CINCINNATI -- Two contracting programs that city officials have promoted to create jobs and improve the Cincinnati economy are at odds with each other.
In a memo to Mayor John Cranley and Cincinnati City Council members, City Manager Harry Black wrote that the city’s responsible bidder and local hire requirements could hurt efforts to award more city contracts to businesses owned by minorities and women.
“Although the Administration is supportive of both the spirit and intent of the Responsible Bidder and Local Hire contracting requirements, it is critical that we share with you what we believe to be adverse unintended consequences resulting from these requirements in their current form,” Black wrote.
Championed by Councilman Chris Seelbach, the responsible bidder requirements were at the center of a dispute between the city and Hamilton County that started when Republicans controlled the county board of commissioners. The fight went to court, where the city lost initially. But the U.S. Sixth Circuit Court of Appeals ruled in the city’s favor last month.
The program requires contractors to provide apprenticeship training in conjunction with their work for the city, which proponents of the measure have argued would help more residents build stable careers for themselves.
The local hire program, which former Councilman Charlie Winburn championed, would place requirements on the percentage of hours local residents would need to work to complete city contracts.
The problem, Black wrote, is that many companies owned by women and minorities are small and don’t have the staffs they would need to complete the paperwork needed to comply with local hire.
In addition, there are fewer companies owned by minorities and women that use union labor and have apprenticeship programs, Cranley said.
Implementing the responsible bidder and local hire ordinances as they currently exist would reduce competition for city contracts, Black wrote, and could drive up the cost of projects or stall them if no companies are willing to bid on them.
Hundreds of millions of dollars in city contracts hang in the balance.
‘A two-fold whammy’
Cranley, who campaigned on the need to award more city contracts to businesses owned by women and minorities, saw Black’s memo before it was sent to City Council. He has opposed the responsible bidder ordinance as written from the start but said he thinks the intentions behind it were good.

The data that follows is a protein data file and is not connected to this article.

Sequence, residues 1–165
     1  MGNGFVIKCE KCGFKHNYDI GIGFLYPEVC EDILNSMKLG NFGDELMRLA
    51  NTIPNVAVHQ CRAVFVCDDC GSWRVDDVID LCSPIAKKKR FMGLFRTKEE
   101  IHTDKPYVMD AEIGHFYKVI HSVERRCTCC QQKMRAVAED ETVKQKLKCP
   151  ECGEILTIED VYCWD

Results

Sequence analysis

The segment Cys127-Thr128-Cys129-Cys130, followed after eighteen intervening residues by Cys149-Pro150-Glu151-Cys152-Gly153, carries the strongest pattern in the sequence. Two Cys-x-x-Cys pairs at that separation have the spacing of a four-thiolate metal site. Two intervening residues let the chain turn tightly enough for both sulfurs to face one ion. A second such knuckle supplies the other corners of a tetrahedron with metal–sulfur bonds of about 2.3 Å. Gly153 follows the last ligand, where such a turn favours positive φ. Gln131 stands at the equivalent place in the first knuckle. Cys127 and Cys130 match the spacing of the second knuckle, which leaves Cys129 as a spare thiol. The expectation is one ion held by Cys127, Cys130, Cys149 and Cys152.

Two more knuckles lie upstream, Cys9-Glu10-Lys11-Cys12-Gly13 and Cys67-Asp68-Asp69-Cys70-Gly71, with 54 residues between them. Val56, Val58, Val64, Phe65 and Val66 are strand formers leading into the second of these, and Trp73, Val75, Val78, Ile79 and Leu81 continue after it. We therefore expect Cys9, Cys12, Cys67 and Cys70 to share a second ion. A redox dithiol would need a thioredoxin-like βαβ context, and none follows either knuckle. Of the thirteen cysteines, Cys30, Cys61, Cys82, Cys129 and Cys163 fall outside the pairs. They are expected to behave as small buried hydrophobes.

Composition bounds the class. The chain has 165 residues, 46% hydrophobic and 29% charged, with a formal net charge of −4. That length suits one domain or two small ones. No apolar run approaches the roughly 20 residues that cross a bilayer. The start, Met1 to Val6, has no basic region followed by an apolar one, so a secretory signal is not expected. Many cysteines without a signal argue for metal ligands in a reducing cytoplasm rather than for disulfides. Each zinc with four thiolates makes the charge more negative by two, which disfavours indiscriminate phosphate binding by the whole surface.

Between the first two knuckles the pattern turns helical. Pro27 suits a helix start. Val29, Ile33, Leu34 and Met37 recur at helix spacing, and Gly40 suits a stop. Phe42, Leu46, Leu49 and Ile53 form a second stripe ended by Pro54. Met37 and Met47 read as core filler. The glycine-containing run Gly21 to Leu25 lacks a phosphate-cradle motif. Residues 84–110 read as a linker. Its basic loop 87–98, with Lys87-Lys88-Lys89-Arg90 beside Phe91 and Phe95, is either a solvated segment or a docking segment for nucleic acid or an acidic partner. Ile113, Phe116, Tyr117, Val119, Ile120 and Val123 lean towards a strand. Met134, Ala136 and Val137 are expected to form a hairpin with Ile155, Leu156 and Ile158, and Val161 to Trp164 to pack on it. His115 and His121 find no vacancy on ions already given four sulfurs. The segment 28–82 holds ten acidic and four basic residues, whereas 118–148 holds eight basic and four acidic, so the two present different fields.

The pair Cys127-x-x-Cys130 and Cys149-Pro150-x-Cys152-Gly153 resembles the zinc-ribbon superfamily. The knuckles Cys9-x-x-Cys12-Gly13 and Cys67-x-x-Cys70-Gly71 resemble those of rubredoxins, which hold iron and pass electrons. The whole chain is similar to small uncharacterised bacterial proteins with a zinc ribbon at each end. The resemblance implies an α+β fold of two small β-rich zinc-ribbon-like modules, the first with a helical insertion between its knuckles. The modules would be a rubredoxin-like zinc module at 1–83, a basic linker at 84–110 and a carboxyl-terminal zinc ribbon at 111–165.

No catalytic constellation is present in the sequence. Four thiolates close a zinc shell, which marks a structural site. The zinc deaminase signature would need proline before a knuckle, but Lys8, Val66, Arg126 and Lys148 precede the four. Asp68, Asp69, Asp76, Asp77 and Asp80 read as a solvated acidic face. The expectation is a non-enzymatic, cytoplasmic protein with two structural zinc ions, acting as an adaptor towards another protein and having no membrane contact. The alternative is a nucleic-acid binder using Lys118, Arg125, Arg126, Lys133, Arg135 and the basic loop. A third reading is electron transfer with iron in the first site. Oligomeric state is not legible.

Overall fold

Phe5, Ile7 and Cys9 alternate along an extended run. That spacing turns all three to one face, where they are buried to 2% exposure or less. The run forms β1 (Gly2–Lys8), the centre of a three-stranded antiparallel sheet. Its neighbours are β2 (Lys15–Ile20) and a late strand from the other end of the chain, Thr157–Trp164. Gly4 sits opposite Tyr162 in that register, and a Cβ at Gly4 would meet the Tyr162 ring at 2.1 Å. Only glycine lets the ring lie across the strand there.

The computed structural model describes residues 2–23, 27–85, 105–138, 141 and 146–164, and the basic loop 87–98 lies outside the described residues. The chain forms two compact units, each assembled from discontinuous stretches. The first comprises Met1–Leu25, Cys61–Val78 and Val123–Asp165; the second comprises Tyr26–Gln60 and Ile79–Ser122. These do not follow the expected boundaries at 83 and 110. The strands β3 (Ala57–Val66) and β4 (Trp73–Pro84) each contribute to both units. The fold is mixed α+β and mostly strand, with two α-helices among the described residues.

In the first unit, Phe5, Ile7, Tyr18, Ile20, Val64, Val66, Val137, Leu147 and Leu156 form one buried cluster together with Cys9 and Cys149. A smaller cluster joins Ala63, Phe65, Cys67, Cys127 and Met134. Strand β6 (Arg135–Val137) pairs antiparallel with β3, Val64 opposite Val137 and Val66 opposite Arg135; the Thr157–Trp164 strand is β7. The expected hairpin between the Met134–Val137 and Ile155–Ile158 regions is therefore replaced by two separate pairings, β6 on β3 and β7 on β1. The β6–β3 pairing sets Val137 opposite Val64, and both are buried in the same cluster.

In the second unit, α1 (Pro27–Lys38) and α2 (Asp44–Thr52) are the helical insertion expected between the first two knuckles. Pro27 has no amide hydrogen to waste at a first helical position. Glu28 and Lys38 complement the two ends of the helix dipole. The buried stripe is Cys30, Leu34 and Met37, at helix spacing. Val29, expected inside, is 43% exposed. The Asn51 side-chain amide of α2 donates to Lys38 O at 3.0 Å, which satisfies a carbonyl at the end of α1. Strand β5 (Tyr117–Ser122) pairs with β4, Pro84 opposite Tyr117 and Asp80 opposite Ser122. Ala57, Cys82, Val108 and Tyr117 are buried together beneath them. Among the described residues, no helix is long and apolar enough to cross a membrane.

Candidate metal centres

“I certainly think that the council members who voted for it believed that they were encouraging the formation of job training through apprenticeship, and that is certainly a great goal,” he said. “But it can’t be all or nothing.”
Cranley said the current responsible bidder ordinance would “move the city backwards on racial progress and minority inclusion” and would drive up costs.
“It’s a two-fold whammy,” he said. “It’s going to raise prices for the taxpayers, and it’s going to set back our minority-contracting efforts.”
In his memo, Black asks City Council to pass legislation that would delay the responsible bidder and local hire requirements until Sept. 12, 2018. Cranley referred to the delay as a “six-month pause.”
“This would allow us the opportunity to jointly think through the impacts and develop solutions for you to consider,” Black wrote. “Solutions that strategically enable the spirit and intent of the these legislative requirements, while also mitigating any adverse unintended consequences.”
Cranley said he thinks a compromise is possible and added that some union leaders have told him they would be open to changes in the ordinances so that the city’s minority-contracting progress isn’t damaged.
“I’m an optimist, and I’m willing to roll my sleeves up and be part of that win-win compromise,” Cranley said. “But it’s got to be on a compromise basis. Not on an ‘I win and you lose’ basis.”
The Cincinnati USA Regional Chamber weighed in Wednesday with an email to council members stating the organization's support for Black's recommendation.
The chamber gave a copy of the email from Jason Kershner, the chamber's vice president of governmental affairs, to WCPO. It said the chamber "has long argued that the so-called 'Responsible Bidder' ordinance would create barriers to entry and limit competitive bidding."
Kershner added: "Every action should be taken to ensure an inclusive and equitable playing field that allows all businesses the opportunity to bid on public projects."
Seelbach, however, had a different take on the issue.
In a statement emailed to WCPO, Seelbach said: "Training our middle class and local workers, residents from Westwood, to Avondale, to Madisonville, is a priority for this council and for me personally. There's no better training program out there."
His statement went on to say: "Responsible bidder boosts the hiring and training of City residents, black and white, from every neighborhood. It's a law that's been on the books for five years, so no one can say they weren't aware of it.
"Delays don't help people out of poverty. Let's sit down together, bring everyone on board, consider all ideas to hire and train more people locally, but we aren't going backwards."
Lucy May writes about the people, places and issues that define our region – to celebrate what makes the Tri-State great and shine a spotlight on issues we need to address. She has been writing about women- and minority-owned businesses in Greater Cincinnati for 20 years. To read more stories by Lucy, go to www.wcpo.com/may. To reach her, email firstname.lastname@example.org. Follow her on Twitter @LucyMayCincy.